At the end of XX and at the beginning of XXI century the multi-version transition to democracy in the post-Soviet area, in Latin America, Asia and Africa inspired politicians and scholars to consider the concept of civil society as a model allowing explaining specific features of modernization process. It is considered, that the formation of modern civil society relates to democratization, because both of these processes limit domination of the state. When civil society is developed its relations with the state have a balanced character. If civil society is not developed enough, then the state absorbs it and exercise a part of its functions in its own way. When civil society is weak the state expands its authorities, usually at the expense of rights and freedoms of citizens. Democracy as the rule of people (of majority) can be declared by stipulating it in the constitution and electoral laws. In case of civil society it is more complicated, because civil society characterizes abilities of society to self-organization and the presence of a number of freedoms and ethical grounds, first of all the idea of justice. History of humankind approved, that civil society could not be transferred from other social environments. It needs to grow up (it can be supported in growing) on the grounds of its own culture. But the institution of civil society should not be idealized, because while uniting and organizing mutual activity people can pursue both positive (democratic), and negative (narrow group - mafia, extremist) objectives. Weakness of the state is not always a benefit and the evidence of successful civil society institutions. Identification of the civil society institution with the Western post-Christian civilization, with liberal political culture has a strong impact on studies and practical realization of this process in the non-Western societies. With respect to other civilizations, in particular, some authors express opinions on full absence of civil society or of its under development (S. Huntington, E. Gellner). F. Fukuyama recognizes that Islam is a serious rival of liberalism and claims the status of universal doctrine, because it has in possession the systematic and consistent ideology with its own moral code, as well as the doctrine of political and social justice. Liberal democracy was defeated by Islam as by its authoritarian alternative in many Muslim countries, where the fifth part of humankind live, although carried over many representatives of the Muslim elite in power. One of the reasons for modern Islamic fundamentalism arising was a protective response from the side of traditional Islamic society to the intrusion of the Western liberal values and because of economic collapse in many Muslim countries. And yet Islam cannot be a real competitor of the liberal project, because in the long-term perspective Islam will not be able to compete with liberal democracy on the territory of democracy. The Islamic world will be more influenced by liberal ideas, than the Western world by Islamic ideas [5. P. 89-90]. F. Fukuyama considers that the establishment of liberal democracy in Muslim society can be blocked by religion by resisting the transformation of traditional religious values into the values of democratic or civilian culture, conceptualized by such concepts as secularism, rationality, empathy and tolerance. If between Christianity and liberal democracy there is no inner conflict, and most of the modern democracies exist in secular post-Christian societies, then fundamentalist Islam belongs to totalitarian religions and assumes, in particular, interference of religion with politics. Recognizing that Islam can be compatible with democracy, alongside with that Fukuyama claims, that it can be hardly agreed with liberalism and recognition of human rights, in particular, with the right to liberty of conscience. The only exception is Turkey, which is «the only country in the early XX century explicitly rejected the Islamic heritage in favor of secular society» [5. P. 329]. It is difficult to agree with F. Fukuyama with reference to liberal democratic and secular character of the modern Turkish society. Formally in this country the institutions of democratic political regime are founded, citizen rights and freedoms are being declared, institutions of civil society exist. But in practice the undivided reluctance of the EC member states to accept Turkey suggests otherwise. Fukuyama does not pay attention to the formation after the 2nd World War in Western Europe large communities of immigrants from Muslim countries, which also have a remarkable influence on democratization processes during transition from secular society to post-secular society. Interrelations of native population and Muslims assume particular significance, when political and social competition among social groups of different religious identification is sharpening. In this context the concept of Intra-European Christian-Muslim frontier was originated. It means quite a common situation for modern Europe, when the contacts of local (conditionally «Christian») population and Muslims (with local citizenship and guest-workers) takes place at the boundaries of streets, squares and houses. At these frontiers the interaction of religions, legal and political cultures, ways of living is taking place. This is the practical result of failing to assimilate Muslims, when quantitative proportion and organization of interacting social groups is of great importance. As J. Habermas writes, «own, “home”, confessions, in fact, gain greater authority because of appearance and viability of “alien” religious communities. If to refer to the experience typical for Netherlands or Germany, Muslim neighbors make their Christian fellow citizens meeting the competing faith. By this they make secular-minded citizens clearly recognize the phenomena of religion, publicly manifested itself» [6]. It may be supposed, that Christianity will have to be mobilized to revise its positions within the space of post-secular society, populated both by secularized people, and immigrants from pre-secular societies. The Islamic challenge is able to give a new impulse for renovating Christianity, resembling what happened in the Middle Ages, when the concept of Christian world had been formed as a result of centuries-long opposition of Christian and Muslim societies. We conclude, that the West- (Euro-) centric approach does not reflect the existing realities. It does not allow answering the question of existence (possibility of existence) of civil society in societies of other civilizations. Here historical approach, civilizational analysis of the cultural context of modernization, development of market-based economy, democratic political regimes and civil society are required. Also it is required to consider the fact that the origin of «Easternization» concept as a «civilizational» alternative of Westernization suggests, that the relation between Westernization and modernization ceases to look like unconditional. Under such conditions the problem of compatibility of pre-secular cultures (Islamic, Confucian) and liberal democracy becomes the key problem. Supporters of a positive answer to this question proceed from the premise, that the modernist Euro-centric view of world history, treated as linear, unidirectional and progressive should be abandoned. They are more prone to the postmodern approach to history, which underlines significance of the spiritual grounds of human existence, providing the concept of mankind unity not through unification, but through communicative difference, through dialogue of cultures and civilizations. In philosophical thought it appears in declining universal form of rationality and in recognizing the existence of different national traditions in history of philosophy. Coexistence of different nations, dialogue of their cultures become possible through recognizing their considerable specificity in order to overcome the established stereotypes, expressed in the opposition of authoritarian East and democratic West, faith and reason, traditionalism and modernism. The coexistence of different nations and dialogue of their cultures becomes possible through recognizing their considerable specificity in order to overcome the established stereotypes expressed in the opposition of the authoritarian East and democratic West, faith and reason, traditionalism and modernism. The contemporary postmodern discourse supposes civilizational multiplicity of political modernity and the political modernization process [10. P. 35-57; 19. P. 49-66]. There is also a point of view, that democratic development has many forms, because each culture is capable to create its own model of democratic mode. It is supposed also, that religious democracy can exist, including Islamic democracy, which does not comply with the Western liberal model [4]. Also there are assertions that democracy already exists in Muslim world and is realized by means of such concepts of traditional Islam, as shura (consultations), ijma (consensus) and ijtihad (independent authoritative interpretation). A number of Islamic theorists and politicians can be attributed to the adherents of the Islamic democracy concept (M. Iqbal, Hassan al-Turabi, Ali Shariati, Mohammad Khatami). They believe that Islam creates conditions for integrating democracy and spirituality. Also there is the Islamic concept of «Theo-Democracy» (Abu al-Maududi). Bassam Tibi considers, that for adjusting Islam and civil society it is required to realize Islamic cultural acceptance of political culture of democracy. The idea of civil society, combined with culture of democracy, and the Islamist concept of Allah supremacy are in competition with each other. Islamists can also declare that the civil society concept does not comply with Islamic concepts [2; 22]. According to Shireen Hunter the reason for different opinions in the discussions on compatibility of Islam and Western ideas, is in an abstract, static and unhistorical approach to the role and position of Islam in organizing Muslim societies. Outside of the specific frameworks of space and time it is not possible «to determine abstractly compatibility of Islam and democracy: convincing arguments can be provided by each side. The fact is that development and consolidation of democratic systems suppose the existence of many social-economic conditions, but not only adherence to secularism. Many modern governments, which can be characterized as secular, totalitarian or authoritarian, can be examples of that» [7. P. 16]. Western critics of this approach accuse their opponents, that they do relative the concept of democracy, and at the same time misrepresent the real content of Islamic concepts of shura, ijma and ijtihad, trying to adjust them to the modern realities. They claim that the concept of Islamic democracy, where in fact God's sovereignty excludes sovereignty of people, is an antithesis of the secular concept of Western democracy. Moreover, they believe that Muslim law, the rule of which is supposed to be over all sides of society life, cannot provide to all citizens their equality before the law, regardless of religious and gender belonging. Quite often they name modern Iran as an example, where according to the critics of Islamic democracy, Islamists constrain democratic processes and destroy civil society. Politicians and scholars debate a lot about the necessity of democratic development in Muslim world. But who needs democracy in Muslim world and who may be called the moving force of this process? Two of the main actors in world policy - USA and EU - are full of desire to promote the process of transiting Muslim world (in particular Arab countries) from the authoritarianism to democratic forms of governing. Neither China, nor Russia displays any activity in this direction, while developing actively relations with Muslim countries. During the Post-Soviet period the West, facing such an obstacle of globalization, as underdevelopment of social-economic life and authoritarianism of the non-Western world, seeks ways to help to accelerate modernization, including democratization and creation of civil society. Formally in many non-Western countries democratic regimes exist, though they often cover authoritarian government. They can be named as «liberalized autocracies» with regular elections, similarity of multi-party system, with declaring support of universal human rights, with a positive attitude to anti-corruption and democracy development programs, financed by the West. But often these processes are performances in the «theatre of democratization». Accepting certain manifestations of democracy, the governing regimes exclude an opportunity for opposition to become a real participant of political life [16. P. 103]. In these societies civil society is under the state control and, as a rule, does not appear on the political scene. The West can promptly help to organize and hold elections in a non-Western country, but they do not mean the final triumph of democracy. They can even worsen the situation and strengthen positions of fundamentalists, because they are usually better organized, and citizens are not able to accept responsible voting decisions in full (Iran, Algeria, Turkey, and Palestine). Islamists use legal and illegal methods of straggling for power. A number of movements have a positive attitude to active participation in legal political process (creating alliances with other political movements, participation in public discussions, proposing their own interpretation of democracy, human rights, rule of law). They often take an active part in political activities, trying to come to power, gradually becoming familiar with democratic forms and entering discussions on human rights problems. If failed they transfer their political activity to the structures of civil society (religious, social, professional organizations). In general adherents of an optimistic constructivist approach to the problem of developing democracy in Muslim countries consider that advocates of democracy should achieve such simple goals, as development of civil society in non-Western societies. Elections under such conditions are not the beginning of democratic process, but its final, a signal that civil society already created. As Daniel Pipes writes, «Washington should actively help Muslim countries navigate from autocracy to democracy without passing through an Islamist phase. This is indeed achievable. As I wrote a decade ago in response to the Algerian crisis, instead of focusing on quick elections, which almost always benefit the Islamists, the American government should shift its efforts to slower and deeper goals: “political participation, the rule of law (including an independent judiciary), freedom of speech and religion, property rights, minority rights, and the right to form voluntary organizations (especially political parties)”. Elections should only follow on the achievement of these steps. Realistically, they could well take decades to achieve. Elections should culminate the democratic process, not start it. They ought to celebrate civil society successfully achieved. Once such a civil society exists (as it does in Iran but not in Algeria), voters are unlikely to vote Islamists into power» [17]. In this regard the European Union experience is quite interesting. It relates to analyzing possibilities and consequences of European cooperation with moderate Islamists in promoting democracy in the Middle East region as the way of using «soft power». It is considered, that the present authoritarian regimes are the main barrier to the reforms, because they try to avoid true democratic reforms. However a political reform cannot be effective without integrating moderate Islamists in this process. The EU approach to political reforms in the Middle East region is in taking into account the current circumstances at the local level. And the real situation is that political reforms can’t be effective without gradual integration of nonviolent Islamic groups. In order to minimize the risks interaction with political Islam should be a part of more broad EU strategy, aimed to promote democracy in the region with the provision for civilizational context of political life. Moderate Islamists would expect European support in conducting political reforms, which would allow providing a true representation of the will of people by peaceful means in the near future. One of the recommendations of the final report on EU strategic partnership with the Mediterranean and Middle East countries calls for EU cooperation «with nonviolent political organizations and movements of civil society on all social levels, for open cooperation with all organizations, committed to nonviolent and democratic means». This statement offers opportunities for EU interaction with moderate Islamist groups, which practice not violence, but peaceful means to achieve their goals. During last almost ten years the EU implemented its various initiatives both on the state level, and on the level of Arab civil society. The goal of these initiatives is in creating developed, prosperous, peaceful and safe region. The achievement of this goal will have a positive impact on resolving the real problems of the EU itself: security, immigration problems, demographic changes, organized crime and terrorism. In order to avoid perception of their activities as interference in internal affairs, the EC structures pay much attention to gradualism, activities within the existing institutions, focus on not changing political regimes, but on reforms from inside, as well as on active consultations with «our partners», and coordination with the USA, UNO and other external subjects. When it comes to such an important issue for the population as democracy, they use concepts, which are related more to the supremacy of law and human rights [9]. Definitely there are some concerns about Islamists' participation in the process of political reform. Some European politicians stand for their exclusion or control in order to maintain stability in the region. They consider that Islamists are not true democrats, but only use democratic opportunities to win elections and religious feelings of their Muslim electorate. After coming to power they will use the legislative process to change the rules of the game and limit social and private freedoms. Political regimes under the guidance of Islamists pose a threat to relations with the West and to peace in the region. Therefore at this stage it is required to make a clear difference between militant and moderate Islamists, who committed to non-violence and constitutional and legal means. The first ones are definitely in the minority among Islamist organizations and lack of support, while the latter are the majority and establish the main trends in Islamic movements. In this aspect the idea of Jurgen Habermas is interesting. It is about distinction of possibilities, provided by liberal and democratic states in post-secular society to overcome mutual uncontrolled mistrust and restore communications: «Liberal state provides freedom of religion as a civil right, thus religious minorities are no longer in a position of the tolerant and dependent on the favor of any more or less tolerant state power. But only democratic state allows a non-party application of this principle... Convincing criteria to determine, what should be tolerated, and what should not be tolerated, can be revealed only with deliberative and inclusive methods of democratic declaration of the will (i.e. by general discussion)» [6]. Only a democratic state is able to promote formation of post-secular political culture, stipulating equal participation in political life not only for representatives of dominating culture, but also for subcultures. «Muslim immigrants, J. Habermas states, can be integrated in the Western society not contrary to their religion, but together with it» [6]. But this religion should be inevitably transformed, possibly, there will be Euro-Islam, characterized by reflexive consciousness (ability to see themselves through the eyes of others). Having an opportunity to state religious opinions on political matters, saving commitment to own religious communities, representatives of religious subcultures will have to accept the legitimacy of the state, which applies exclusively secular language in activities of its bodies. Compared with Jurgen Habermas, Rowan Williams, the Head of Anglican Church of the Great Britain, went far beyond in 2008. He proposed to include Sharia elements in the British legal system to establish coexistence with Muslim communities. The idea is in reducing the sphere of universal law, supported by the state and obligatory for all citizens. The volume of direct prohibitions and guaranteed citizen right should be the same, but it will possible to utilize not all of the rights, but only those, which comply with the moral principles of an individual citizen. All other matters can be regulated within the coexisting and competing with each other moral-legal systems of different social groups, integrated as religious communities. By this it is proposed to decline the universalist ideology and implement a post-secular by its character return of morality to the law by offering citizens to refer to the market of different moral values (Christian, Judaic, Islamic, etc.). This step could contribute to including a part of Sharia provisions to the British legal system. At the same time R. Williams underlines, that he is not an adherent of a complete integration of Sharia and first of all those of its inhumane sanctions, which are in practice in various countries [1]. This event became possible only under the conditions of post-secular stage of development of British society, which consists of social groups with different moral principles. Dialogue of different cultures, including legal culture, can be realized through recognizing their significant specificity. Such postmodern and post-secular perception of society may help to overcome the existing stereotypes in relation to Islam and Muslim society. Contradictions in the views of J. Habermas and R. Williams reflect the disputes of adherents of two approaches to integration of Muslims in Western societies: 1) secular and liberal versions of advisory democracy; 2) democratic model of multicultural jurisdiction. Pluralist democracy of post-secular society makes multicultural jurisdiction possible. Post-secularism is related with the concept of plurality of modernizations, stipulating various (secular and religious) ways of modernization. This approach was expressed in proposals of R. Williams. In fact he proposed to include religion in public sphere, to equalize secular and religious law, religious and irreligious citizens, along with parliamentary recognition of the lawmaking power of a number of civil society structures (religious and professional organizations, ethno-religious minorities) [8]. Both in the UK, and in Russia sharp criticism of Williams' proposal is conducted by adherents of secularism, who state, that it means a complete destruction of the Britain identity, official capitulation of Christianity, recognizing a failure of multiculturalism policy, undermining the secular foundations of society, dividing the country into different religious and ethnic communities [3. P. 88]. Nevertheless developing R. Williams’ opinion, some Russian authors propose not less radical solution to change the Western morality and legal system taking into account a part of Muslim principles, which are close to the Christian ideals, forgotten by the modern society of market fundamentalism with its values of profit and personal well-being. This proposition looks very conservative as a fundamentalist return to the Christian values, but only with this pragmatic policy it is possible to save civilization by means of finding a common language with the Muslims, living in the West and rejecting its values [14]. Russian society is also facing large-scale problems of integrating Muslims in the Post-Soviet state structure, business and civil society. There are problems of legal regulation of relations between the state and Islam, among Islamic centers, social doctrine of Islam, Islamic influence on national relations, struggle against extremism and terrorism under Islamic slogans. The struggle against Islamic extremism with its complexity and actuality should not shade a more broad view of inevitably going integration of Islam in political life of the Russian society. The patterns of relations between the state and Islam as a religion, worked out during the Post-Soviet period, fail when interacting with political Islam. It is required to search ways to use positive moral and institutional potential of Islam, develop democratic secular political regime, strengthen the state and law, and develop civil society. Along with hard legal and power opposition to extremism and terrorism, which use Islamic concepts, it is required to create an Islamic spiritual alternative to these phenomena, which will contribute to preservation and strengthening the constitutional system of Russia. It can (should) be done by Muslims with the ijtihad principle as one of the key concept of Islamic legal doctrine [20]. Such a problem is of course difficult for Russia as well as for any other non-Western society. Because it involves the spread of democracy into social groups that have no experience of liberal politics, interpret politics with terms of religious cultures, warily accept any Western ideas as a form of forced Westernization. Perhaps only use of existing traditional and creation of liberal institutions of civil society can bring tangible results in the near future. It is necessary to maximize the political culture and forms of democracy, characteristic for non-Western civilizations. In modern Russia the will of the population in different regions may contribute to the creation of a number of models of civil society, taking into account the civic values (in pre secular, secular or post secular forms), traditions of democracy, existing level of civic engagement and economic development.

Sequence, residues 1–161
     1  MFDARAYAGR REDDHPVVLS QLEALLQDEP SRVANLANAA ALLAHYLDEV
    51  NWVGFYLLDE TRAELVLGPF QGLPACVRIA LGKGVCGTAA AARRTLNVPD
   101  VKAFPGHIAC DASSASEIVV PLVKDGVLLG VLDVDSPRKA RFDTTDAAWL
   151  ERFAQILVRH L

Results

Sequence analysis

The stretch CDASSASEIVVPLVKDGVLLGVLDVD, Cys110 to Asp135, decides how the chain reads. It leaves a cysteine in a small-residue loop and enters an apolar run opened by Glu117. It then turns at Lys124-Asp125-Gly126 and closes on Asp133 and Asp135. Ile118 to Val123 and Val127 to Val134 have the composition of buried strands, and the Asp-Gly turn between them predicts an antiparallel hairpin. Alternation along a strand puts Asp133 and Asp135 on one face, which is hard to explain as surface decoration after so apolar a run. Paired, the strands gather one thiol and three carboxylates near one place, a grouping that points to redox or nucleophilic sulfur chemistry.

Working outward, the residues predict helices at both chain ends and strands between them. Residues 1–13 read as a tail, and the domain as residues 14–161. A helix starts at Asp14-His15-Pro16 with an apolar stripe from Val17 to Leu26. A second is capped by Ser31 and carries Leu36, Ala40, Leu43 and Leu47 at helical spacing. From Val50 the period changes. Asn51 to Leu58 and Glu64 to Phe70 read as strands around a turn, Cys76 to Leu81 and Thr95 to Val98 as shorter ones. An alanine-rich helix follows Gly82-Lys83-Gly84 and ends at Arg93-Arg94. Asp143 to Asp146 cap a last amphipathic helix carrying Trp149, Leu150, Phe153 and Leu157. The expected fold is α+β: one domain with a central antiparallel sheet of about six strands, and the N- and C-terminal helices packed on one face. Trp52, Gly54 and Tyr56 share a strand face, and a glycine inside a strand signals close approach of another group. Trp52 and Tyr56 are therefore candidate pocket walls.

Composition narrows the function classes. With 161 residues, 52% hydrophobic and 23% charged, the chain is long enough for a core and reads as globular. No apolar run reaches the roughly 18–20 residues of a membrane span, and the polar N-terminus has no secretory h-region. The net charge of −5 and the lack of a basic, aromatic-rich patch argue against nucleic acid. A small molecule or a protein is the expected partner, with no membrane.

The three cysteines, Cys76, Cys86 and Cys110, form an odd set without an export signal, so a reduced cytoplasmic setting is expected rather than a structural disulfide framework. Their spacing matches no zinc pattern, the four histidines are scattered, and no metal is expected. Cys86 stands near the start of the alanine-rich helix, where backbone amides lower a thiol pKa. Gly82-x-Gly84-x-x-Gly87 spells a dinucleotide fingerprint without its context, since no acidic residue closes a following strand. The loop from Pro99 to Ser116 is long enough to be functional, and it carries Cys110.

Yu M Pochta

Peoples’ Friendship University of Russia (RUDN University)

Email: pochta_yum@rudn.university
Miklukho-Maklaya str., 10/2, Moscow, Russia, 117198